Adrenomedullin insufficiency increases allergen-induced airway hyperresponsiveness in mice

Shinshu University, Shonai, Nagano, Japan
Journal of Applied Physiology (Impact Factor: 3.43). 07/2007; 102(6):2361-8. DOI: 10.1152/japplphysiol.00615.2006
Source: PubMed

ABSTRACT Adrenomedullin (ADM), a newly identified vasodilating peptide, is reported to be expressed in lungs and have a bronchodilating effect. We hypothesized whether ADM could be involved in the pathogenesis of bronchial asthma. We examined the role of ADM in airway responsiveness using heterozygous ADM-deficient mice (AM+/-) and their littermate control (AM+/+). Here, we show that airway responsiveness is enhanced in ADM mutant mice after sensitization and challenge with ovalbumin (OVA). The immunoreactive ADM level in the lung tissue after methacholine challenge was significantly greater in the wild-type mice than that in the mutant. However, the impairment of ADM gene function did not affect immunoglobulins (OVA-specific IgE and IgG1), T helper 1 and 2 cytokines, and leukotrenes. Thus the conventional mechanism of allergen-induced airway responsiveness is not relevant to this model. Furthermore, morphometric analysis revealed that eosinophilia and airway hypersecretion were similarly found in both the OVA-treated ADM mutant mice and the OVA-treated wild-type mice. On the other hand, the area of the airway smooth muscle layer of the OVA-treated mutant mice was significantly greater than that of the OVA-treated wild-type mice. These results suggest that ADM gene disruption may be associated with airway smooth muscle hyperplasia as well as enhanced airway hyperresponsiveness. ADM mutant mice might provide novel insights to study the pathophysiological role of ADM in vivo.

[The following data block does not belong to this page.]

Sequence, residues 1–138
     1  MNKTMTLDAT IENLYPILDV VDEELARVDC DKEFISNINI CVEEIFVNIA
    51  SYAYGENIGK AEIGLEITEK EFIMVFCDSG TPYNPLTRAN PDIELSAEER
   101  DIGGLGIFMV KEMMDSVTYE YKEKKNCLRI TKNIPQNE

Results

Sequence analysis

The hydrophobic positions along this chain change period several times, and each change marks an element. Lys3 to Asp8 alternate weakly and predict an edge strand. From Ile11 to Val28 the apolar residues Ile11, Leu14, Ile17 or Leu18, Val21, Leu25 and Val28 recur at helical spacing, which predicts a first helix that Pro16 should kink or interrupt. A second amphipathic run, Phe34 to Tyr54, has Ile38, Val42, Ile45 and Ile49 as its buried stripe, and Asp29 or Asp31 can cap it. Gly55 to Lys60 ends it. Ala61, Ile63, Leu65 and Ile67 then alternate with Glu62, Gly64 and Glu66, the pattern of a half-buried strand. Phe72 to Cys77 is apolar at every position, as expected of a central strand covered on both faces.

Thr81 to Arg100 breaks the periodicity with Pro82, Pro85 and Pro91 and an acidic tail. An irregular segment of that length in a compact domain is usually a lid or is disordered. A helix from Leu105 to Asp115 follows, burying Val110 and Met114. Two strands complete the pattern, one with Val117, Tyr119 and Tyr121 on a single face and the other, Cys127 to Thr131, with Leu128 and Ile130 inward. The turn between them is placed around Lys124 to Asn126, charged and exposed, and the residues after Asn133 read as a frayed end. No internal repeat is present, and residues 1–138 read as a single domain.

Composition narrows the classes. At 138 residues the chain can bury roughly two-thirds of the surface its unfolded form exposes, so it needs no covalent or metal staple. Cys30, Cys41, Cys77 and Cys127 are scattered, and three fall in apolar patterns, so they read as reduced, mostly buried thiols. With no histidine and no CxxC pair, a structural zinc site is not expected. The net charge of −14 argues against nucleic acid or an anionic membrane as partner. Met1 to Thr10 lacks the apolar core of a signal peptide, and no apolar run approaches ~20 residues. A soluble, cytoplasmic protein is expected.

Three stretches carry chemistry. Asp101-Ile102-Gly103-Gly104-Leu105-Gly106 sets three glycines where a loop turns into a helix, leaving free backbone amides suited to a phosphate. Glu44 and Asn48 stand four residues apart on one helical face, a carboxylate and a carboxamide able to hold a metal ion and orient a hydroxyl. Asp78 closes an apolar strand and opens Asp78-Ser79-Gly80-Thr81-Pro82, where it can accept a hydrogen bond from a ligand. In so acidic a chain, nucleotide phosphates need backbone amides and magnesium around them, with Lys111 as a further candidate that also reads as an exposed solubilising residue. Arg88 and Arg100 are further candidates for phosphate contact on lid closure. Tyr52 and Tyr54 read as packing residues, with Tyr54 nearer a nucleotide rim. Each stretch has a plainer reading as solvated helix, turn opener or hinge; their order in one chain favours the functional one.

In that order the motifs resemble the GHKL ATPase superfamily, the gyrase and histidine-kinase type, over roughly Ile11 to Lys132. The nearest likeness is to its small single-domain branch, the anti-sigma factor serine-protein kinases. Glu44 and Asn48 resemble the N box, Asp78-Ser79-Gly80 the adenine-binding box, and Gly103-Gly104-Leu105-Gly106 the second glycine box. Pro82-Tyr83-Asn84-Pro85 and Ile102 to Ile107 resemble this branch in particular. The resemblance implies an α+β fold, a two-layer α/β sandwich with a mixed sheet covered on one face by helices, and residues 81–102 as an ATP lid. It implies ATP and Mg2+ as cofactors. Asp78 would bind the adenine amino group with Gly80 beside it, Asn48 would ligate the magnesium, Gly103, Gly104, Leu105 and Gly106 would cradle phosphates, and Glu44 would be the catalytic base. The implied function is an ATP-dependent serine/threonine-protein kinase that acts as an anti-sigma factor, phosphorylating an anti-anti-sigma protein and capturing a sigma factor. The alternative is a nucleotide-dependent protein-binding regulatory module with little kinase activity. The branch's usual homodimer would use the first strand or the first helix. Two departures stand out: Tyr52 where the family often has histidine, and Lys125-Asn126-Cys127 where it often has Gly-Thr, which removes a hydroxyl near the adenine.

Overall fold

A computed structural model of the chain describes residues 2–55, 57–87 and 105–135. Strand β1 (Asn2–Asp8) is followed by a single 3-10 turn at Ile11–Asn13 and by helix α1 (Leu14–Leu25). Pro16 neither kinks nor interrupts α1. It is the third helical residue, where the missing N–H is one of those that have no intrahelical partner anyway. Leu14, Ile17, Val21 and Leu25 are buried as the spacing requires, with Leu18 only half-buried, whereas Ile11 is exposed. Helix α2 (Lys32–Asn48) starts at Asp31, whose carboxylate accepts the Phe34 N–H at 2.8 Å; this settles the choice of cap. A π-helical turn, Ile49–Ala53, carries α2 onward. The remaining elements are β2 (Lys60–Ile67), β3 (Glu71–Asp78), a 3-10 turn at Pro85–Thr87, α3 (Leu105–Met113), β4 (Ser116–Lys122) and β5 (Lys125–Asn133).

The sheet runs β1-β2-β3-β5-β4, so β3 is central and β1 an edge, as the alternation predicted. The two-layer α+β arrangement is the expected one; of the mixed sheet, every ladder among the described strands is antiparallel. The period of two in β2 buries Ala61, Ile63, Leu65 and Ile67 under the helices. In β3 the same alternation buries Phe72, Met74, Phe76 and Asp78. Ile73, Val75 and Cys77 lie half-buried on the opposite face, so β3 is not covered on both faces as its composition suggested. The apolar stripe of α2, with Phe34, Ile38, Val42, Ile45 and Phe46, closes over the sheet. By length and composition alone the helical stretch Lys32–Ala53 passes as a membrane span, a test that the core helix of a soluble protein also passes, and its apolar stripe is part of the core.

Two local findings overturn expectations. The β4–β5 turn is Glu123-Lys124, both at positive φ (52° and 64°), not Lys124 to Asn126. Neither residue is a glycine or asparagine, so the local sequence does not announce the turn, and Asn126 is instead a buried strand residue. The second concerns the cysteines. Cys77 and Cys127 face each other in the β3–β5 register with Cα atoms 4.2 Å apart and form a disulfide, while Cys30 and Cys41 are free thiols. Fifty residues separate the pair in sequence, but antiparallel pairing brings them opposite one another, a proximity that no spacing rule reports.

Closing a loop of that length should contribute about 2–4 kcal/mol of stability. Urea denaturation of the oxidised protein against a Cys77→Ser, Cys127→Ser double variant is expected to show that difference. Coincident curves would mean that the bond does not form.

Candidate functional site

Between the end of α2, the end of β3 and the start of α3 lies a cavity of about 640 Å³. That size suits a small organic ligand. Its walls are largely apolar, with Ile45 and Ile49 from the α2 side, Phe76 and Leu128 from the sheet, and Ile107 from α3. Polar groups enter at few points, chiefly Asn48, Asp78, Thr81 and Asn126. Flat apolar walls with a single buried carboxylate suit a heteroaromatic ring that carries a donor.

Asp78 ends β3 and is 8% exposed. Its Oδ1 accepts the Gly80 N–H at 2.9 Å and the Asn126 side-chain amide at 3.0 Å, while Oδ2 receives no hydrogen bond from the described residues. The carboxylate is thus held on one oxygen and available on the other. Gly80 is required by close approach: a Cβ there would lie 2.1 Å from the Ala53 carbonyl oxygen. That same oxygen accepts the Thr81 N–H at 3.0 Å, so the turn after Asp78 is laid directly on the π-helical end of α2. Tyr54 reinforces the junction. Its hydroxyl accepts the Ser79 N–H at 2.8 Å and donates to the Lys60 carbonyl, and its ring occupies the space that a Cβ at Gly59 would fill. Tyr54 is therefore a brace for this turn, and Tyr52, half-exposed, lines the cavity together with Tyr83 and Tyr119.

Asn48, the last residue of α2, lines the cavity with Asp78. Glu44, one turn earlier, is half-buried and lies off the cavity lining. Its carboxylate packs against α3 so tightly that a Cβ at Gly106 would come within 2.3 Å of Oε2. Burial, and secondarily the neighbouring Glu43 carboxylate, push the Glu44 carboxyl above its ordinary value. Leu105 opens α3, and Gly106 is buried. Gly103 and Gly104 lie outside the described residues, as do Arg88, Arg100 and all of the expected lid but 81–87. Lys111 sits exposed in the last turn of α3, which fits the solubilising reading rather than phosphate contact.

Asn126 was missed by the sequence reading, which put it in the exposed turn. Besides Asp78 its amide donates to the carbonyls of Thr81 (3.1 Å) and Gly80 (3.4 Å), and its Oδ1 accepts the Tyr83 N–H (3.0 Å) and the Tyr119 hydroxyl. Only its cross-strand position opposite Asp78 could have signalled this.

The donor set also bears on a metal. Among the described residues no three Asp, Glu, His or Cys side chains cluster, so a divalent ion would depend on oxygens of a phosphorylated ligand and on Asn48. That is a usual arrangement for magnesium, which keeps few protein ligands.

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Available from: Takayuki Shindo, Mar 11, 2014
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